How to manage state in Apache Kafka
Apache Kafka has transformed our ability to move and process data. The old accepted approaches of request/response and RDBMS in system design are no longer the de facto options. However, what does this mean for the way we manage and store the state within our systems?
Event logs often have the full state within them, but that doesn’t necessarily mean that reading the event log from the start to build the current state is the best way to store and manage it. When considering event log based systems, it is vital to think carefully not only about functional considerations, but also non-functional considerations.
This talk is about the importance of considering performance, data consistency and latency from the start when architecturally planning event log systems. It will give examples how developers who were new to Apache Kafka tried various different approaches to managing state in such systems. It shows the successes, the failures and the lessons learned and how an approach to managing state in an event log evolved, and where we hope to take it.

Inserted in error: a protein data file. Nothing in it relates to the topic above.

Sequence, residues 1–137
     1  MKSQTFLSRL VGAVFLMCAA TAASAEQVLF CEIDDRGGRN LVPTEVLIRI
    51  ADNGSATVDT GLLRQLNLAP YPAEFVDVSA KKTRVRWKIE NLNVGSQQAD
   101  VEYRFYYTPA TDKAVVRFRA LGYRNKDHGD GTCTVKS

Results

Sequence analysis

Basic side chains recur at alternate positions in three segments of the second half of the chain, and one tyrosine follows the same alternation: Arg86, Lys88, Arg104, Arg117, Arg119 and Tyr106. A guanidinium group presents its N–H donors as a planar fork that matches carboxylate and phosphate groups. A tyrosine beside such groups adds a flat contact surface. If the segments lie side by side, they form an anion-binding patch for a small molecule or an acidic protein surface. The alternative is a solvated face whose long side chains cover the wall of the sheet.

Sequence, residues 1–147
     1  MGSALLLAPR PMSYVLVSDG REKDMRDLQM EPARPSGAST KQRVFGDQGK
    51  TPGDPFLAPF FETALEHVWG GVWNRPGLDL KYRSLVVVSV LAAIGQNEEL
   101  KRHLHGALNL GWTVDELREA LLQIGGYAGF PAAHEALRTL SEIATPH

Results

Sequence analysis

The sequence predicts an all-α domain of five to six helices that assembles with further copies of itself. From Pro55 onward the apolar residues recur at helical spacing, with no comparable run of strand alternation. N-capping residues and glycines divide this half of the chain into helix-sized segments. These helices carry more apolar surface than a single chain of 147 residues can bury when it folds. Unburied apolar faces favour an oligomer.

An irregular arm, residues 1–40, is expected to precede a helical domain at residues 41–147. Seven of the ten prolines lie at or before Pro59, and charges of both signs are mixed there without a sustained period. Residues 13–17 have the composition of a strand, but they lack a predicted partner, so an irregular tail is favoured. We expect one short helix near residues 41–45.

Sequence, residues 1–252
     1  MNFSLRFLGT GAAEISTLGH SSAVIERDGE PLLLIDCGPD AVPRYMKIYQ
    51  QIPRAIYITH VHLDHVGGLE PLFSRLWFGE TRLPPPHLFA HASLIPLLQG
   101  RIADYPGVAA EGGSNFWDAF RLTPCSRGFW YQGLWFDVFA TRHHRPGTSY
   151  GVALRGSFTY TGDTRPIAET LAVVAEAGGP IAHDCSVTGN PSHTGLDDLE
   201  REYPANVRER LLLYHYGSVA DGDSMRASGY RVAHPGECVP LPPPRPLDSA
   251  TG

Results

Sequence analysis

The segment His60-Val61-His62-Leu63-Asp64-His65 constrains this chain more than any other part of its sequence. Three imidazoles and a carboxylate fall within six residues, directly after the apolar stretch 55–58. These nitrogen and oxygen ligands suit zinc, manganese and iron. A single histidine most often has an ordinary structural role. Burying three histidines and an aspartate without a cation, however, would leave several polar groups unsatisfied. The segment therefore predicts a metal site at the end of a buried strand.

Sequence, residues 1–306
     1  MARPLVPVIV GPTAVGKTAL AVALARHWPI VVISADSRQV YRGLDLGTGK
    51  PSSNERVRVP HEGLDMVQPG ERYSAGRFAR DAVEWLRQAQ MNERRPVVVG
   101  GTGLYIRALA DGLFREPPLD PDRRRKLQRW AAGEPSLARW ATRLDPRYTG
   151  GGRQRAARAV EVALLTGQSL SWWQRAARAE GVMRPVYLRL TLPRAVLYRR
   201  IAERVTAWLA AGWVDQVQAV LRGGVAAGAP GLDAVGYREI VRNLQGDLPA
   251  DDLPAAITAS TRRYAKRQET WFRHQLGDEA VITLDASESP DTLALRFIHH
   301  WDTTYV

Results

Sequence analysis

Does Kafka’s long living, persistent event log mean that we can now realise a utopia of fully stateless systems? Look before you leap, says Ben Abramson …
Ben Abramson is a Technical Lead at William Hill, working in the Trading Technology department. He has been developing software for over 20 years and has worked across many industries and in many companies, and he has seen the good, the bad and the ugly.
He has worked primarily in Java, ranging from classic WebApps to Big Data systems with Hadoop, Kafka, Spark, Storm, Hive, Cassandra and many more. Ben has been working with Apache Kafka for several years on a variety of use cases.
He has spoken about Apache Kafka at various conferences and meet-ups and enjoys being an evangelist of good practices with emerging technologies.
Ben also has extensive experience in DevOps and automation and is passionate about creating durable software of high quality.
When not developing software, he is happiest at home with his family, usually kicking a ball around with his football-mad son.